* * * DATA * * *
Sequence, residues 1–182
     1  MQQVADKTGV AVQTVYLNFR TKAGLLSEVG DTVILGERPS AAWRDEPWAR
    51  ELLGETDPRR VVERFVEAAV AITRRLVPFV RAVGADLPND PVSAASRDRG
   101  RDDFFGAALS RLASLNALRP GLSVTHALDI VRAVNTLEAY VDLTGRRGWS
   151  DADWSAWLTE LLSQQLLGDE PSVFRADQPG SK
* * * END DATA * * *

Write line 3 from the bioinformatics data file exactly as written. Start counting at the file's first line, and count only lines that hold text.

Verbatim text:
    51  ELLGETDPRR VVERFVEAAV AITRRLVPFV RAVGADLPND PVSAASRDRG